There must be an Angel
We had arranged to meet Hetty, who we met on the Trans-Siberian Railway, at the 798 Art District. She had just completed three days hike of the Great Wall of China and we were intrigued to find out how she got on. Before that, we visited the Temple of Heaven.
To the Temple of Heaven was a thirty-minute walk south of our Hostel, through some of the old Hutong alleyways. Every space is used, even for vegetable growing.
The Temple of Heaven complex was used for annual harvest ceremonies and built at the same time as the Forbidden City. Interestingly, unlike the other significant imperial buildings, which were all built on the central south-to-north axis, this was southeast to the Forbidden City, which is the ultimate direction of the power from the sun. The other difference is that the buildings here were round in shape, representing heaven, rather than the usual square. Jiajing Emperor who arranged the round constructions wanted to show that his succession as Emperor, from his childless brother, was the will of heaven.
The parkland is just over 1 square mile, and it was relaxing to spend some time amongst the trees. We wandered down the central Long Corridor and could soon see the Hall of Prayer for Good Harvests. The marble steps led us to the three-tiered temple painted blue, yellow and green. Inside the Temple, it had four outer pillars signifying the four seasons and twelve inner posts for the 12 months of the year.
We walked along the Danbi Bridge and veered off to the east to try and find the Seven Star Stones which are in the pattern of the Plough constellation. Sadly we couldn’t find them, time was of the essence, and we got waylaid watching (and me joining in) some people doing Tai Chi.
Back on track, next was the Echo Chamber surrounding the Imperial Vault of Heaven. Unfortunately a barrier in front of the wall stopped us standing next to it; however, we did experiment with me standing on the right of the entrance calling out “Elephant and Giraffe”, while Tim was on the left listening intently for my two animals. All he could hear was a small child yelling.
Our last place to visit was the Circular Mound Altar where sacrifices were made for a good harvest. The number nine is applied in several areas such as tiles and balusters, as this is the supreme number in Chinese culture. I stood on the marble Heavenly Centre Stone to check out the resonance of my voice which is supposed to be amplified to reach the heavens.
We could easily have spent a whole day here, there was a lot more to explore, and it would have been nice to sit with a picnic amongst the trees, watching people practising their martial art moves.
It was time to get a metro up to the 798 Art District to meet Hetty. I couldn’t wait to hear about her three-day expedition on the Great Wall. After we met, I was firing questions at her, how was it? What were the paths like? Where did you sleep? Her experience made our one day sound like a stroll in the park. Often she was clambering up or down on her hands and knees, with the angle nearly vertical. One of the nights they stayed in a charming guest house, the other they camped in a remote watchtower.
After lunch, we came across some gorgeous angel wings ready for Hetty to stand by with the apt quote “All those who work hard are Angels”. She certainly is an Angel.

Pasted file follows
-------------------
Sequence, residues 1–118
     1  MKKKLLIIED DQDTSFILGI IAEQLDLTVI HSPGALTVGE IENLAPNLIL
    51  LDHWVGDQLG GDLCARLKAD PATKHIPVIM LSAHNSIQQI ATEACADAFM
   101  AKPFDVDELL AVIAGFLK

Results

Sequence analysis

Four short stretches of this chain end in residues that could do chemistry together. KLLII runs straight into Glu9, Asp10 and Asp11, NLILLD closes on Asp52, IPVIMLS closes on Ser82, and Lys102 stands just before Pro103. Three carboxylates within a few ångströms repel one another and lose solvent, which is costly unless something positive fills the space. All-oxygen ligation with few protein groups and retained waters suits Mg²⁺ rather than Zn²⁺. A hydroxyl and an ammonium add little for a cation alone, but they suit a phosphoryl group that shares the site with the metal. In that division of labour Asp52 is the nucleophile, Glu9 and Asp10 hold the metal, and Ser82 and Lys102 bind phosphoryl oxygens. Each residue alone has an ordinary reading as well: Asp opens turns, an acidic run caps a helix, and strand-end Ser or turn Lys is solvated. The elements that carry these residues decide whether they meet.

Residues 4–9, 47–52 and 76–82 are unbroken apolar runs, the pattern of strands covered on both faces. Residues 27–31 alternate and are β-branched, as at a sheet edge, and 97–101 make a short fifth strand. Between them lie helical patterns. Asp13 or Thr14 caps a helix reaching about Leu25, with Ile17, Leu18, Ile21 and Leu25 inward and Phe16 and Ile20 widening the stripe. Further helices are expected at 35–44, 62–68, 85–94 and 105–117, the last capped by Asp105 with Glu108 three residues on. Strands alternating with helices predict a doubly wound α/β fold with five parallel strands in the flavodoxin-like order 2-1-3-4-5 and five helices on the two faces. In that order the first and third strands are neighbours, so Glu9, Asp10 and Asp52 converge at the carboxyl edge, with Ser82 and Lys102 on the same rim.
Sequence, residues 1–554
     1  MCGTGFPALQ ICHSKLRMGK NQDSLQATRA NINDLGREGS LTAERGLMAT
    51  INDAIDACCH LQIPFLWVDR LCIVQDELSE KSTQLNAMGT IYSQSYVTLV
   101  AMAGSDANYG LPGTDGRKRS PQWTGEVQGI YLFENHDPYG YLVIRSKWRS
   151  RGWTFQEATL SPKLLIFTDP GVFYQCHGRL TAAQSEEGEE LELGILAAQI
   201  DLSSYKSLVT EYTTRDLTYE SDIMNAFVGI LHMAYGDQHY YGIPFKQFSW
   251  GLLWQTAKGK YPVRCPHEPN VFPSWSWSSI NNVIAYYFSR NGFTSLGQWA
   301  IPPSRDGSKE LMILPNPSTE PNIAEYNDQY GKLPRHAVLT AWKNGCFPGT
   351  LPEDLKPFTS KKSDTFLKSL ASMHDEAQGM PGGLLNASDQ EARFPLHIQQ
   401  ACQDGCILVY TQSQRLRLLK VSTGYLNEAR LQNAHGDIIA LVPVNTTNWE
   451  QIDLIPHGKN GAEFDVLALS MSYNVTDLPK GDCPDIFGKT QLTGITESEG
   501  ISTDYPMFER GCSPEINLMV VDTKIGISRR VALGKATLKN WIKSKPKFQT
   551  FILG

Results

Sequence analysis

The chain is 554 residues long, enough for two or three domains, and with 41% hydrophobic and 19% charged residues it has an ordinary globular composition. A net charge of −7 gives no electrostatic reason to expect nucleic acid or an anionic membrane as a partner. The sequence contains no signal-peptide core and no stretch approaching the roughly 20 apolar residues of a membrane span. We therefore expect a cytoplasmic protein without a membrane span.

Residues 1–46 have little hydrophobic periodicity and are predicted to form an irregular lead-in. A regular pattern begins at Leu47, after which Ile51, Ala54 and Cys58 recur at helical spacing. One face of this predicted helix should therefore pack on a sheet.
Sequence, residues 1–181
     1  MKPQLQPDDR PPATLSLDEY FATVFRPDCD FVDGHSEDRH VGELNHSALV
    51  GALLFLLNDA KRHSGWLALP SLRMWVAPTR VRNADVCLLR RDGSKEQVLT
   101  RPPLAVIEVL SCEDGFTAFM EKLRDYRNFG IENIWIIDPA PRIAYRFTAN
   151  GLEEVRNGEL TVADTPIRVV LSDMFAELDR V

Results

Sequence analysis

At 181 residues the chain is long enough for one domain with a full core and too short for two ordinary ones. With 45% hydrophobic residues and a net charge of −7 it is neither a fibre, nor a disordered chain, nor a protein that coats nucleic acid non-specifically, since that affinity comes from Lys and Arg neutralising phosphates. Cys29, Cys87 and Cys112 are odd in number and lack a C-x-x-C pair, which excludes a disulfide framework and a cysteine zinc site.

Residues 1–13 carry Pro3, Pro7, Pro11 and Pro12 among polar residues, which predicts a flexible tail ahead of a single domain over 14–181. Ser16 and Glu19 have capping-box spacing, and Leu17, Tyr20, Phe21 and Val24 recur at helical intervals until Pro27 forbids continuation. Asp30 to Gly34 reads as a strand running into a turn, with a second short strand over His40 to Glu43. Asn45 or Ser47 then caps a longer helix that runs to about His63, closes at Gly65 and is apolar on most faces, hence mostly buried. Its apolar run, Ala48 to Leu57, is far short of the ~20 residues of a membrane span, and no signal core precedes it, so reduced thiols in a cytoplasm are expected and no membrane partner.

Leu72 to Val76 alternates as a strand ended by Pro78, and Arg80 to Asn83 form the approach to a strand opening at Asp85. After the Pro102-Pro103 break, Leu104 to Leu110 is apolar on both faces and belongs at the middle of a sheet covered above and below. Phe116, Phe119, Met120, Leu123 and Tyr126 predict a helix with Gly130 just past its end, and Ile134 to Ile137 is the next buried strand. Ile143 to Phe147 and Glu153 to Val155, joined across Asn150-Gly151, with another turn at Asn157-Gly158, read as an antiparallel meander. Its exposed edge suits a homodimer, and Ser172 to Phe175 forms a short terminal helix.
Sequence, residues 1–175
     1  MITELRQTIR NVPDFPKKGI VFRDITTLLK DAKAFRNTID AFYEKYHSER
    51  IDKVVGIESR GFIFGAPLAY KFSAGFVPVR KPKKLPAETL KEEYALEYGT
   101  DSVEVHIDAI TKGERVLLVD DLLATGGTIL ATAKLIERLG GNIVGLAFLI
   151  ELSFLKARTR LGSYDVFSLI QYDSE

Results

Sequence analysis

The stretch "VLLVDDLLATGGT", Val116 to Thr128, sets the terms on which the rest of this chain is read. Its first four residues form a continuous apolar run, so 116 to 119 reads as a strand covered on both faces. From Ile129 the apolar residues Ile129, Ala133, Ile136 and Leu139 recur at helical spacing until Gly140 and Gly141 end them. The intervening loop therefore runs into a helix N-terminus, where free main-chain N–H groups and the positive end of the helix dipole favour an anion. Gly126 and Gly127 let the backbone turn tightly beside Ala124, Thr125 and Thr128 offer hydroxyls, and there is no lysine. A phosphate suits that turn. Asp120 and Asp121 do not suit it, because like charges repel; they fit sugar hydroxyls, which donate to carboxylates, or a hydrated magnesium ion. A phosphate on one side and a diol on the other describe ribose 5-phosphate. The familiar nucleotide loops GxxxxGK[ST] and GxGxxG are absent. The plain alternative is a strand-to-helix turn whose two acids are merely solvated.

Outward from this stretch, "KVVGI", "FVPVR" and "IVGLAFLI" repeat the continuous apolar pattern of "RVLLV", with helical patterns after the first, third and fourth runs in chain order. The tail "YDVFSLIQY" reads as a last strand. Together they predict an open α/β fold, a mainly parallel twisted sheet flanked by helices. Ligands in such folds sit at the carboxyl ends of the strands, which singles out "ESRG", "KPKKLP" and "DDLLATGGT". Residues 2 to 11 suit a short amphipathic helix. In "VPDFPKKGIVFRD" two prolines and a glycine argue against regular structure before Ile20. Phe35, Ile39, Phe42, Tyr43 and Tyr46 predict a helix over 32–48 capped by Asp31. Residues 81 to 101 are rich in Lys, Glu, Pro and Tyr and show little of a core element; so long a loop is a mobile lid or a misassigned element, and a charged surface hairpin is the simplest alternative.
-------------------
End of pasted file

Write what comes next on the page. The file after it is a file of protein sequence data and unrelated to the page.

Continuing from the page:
One of the reasons we wanted to visit this area, as well as seeing art, was because it is recommended in the Lonely Planet’s top 500. It is a mix of Communist history with old Bauhaus style factories built by East Germans in the 1950s taken over by contemporary artists from the military when they moved out in the 1990s. I don’t think we embraced the area to its full extent. We wandered around aimlessly (or was that just me), looking for 798 Space Gallery.
Tim was on top form and enjoyed reacting to some of the statues and artwork along the lanes, making Hetty and I hoot with laughter. He really can be a funny guy.
Where was this 798 Space Gallery? We asked a few people, and eventually, a young lady walked us there. It wasn’t how I imagined. I thought it was in a large separate hangar but it seemed to be in a complex with other art galleries and shops.
There was an interesting exhibition that peeked my appetite called “All We Love”. A range of photos of people with their possessions outside of their homes, the exhibition was based on family stuff that we love, mainly connected with our homes. The description talks about the relationship we have of the physical space and objects within our home and the emotions and attachments we have with possessions, including those handed down from generations. Having cleared out our house two years ago, letting go of many belongings, I reflected on what we have kept. Two plates that used to belong to my great-great-grandmother have been carefully packed away. The plethora of weird and wonderful objects that were hung in our downstairs toilet are all kept in a box.
We were getting cold and tired, so stopped for a hot drink before Hetty needed to dart off. We both loved her company, fun and easy-going. We hope that we meet her again. At least with social media, we can keep in touch with this hard-working Angel.
There was one last thing that needed to be done in Beijing - Tim found a well established restaurant near to our hostel, serving the finest Peking Duck. He said it was amazing, crispy on the outside, soft and tender on the inside. We sat next to three guys from New York and chatted with lots of laughter. A great end to our stay in Beijing.
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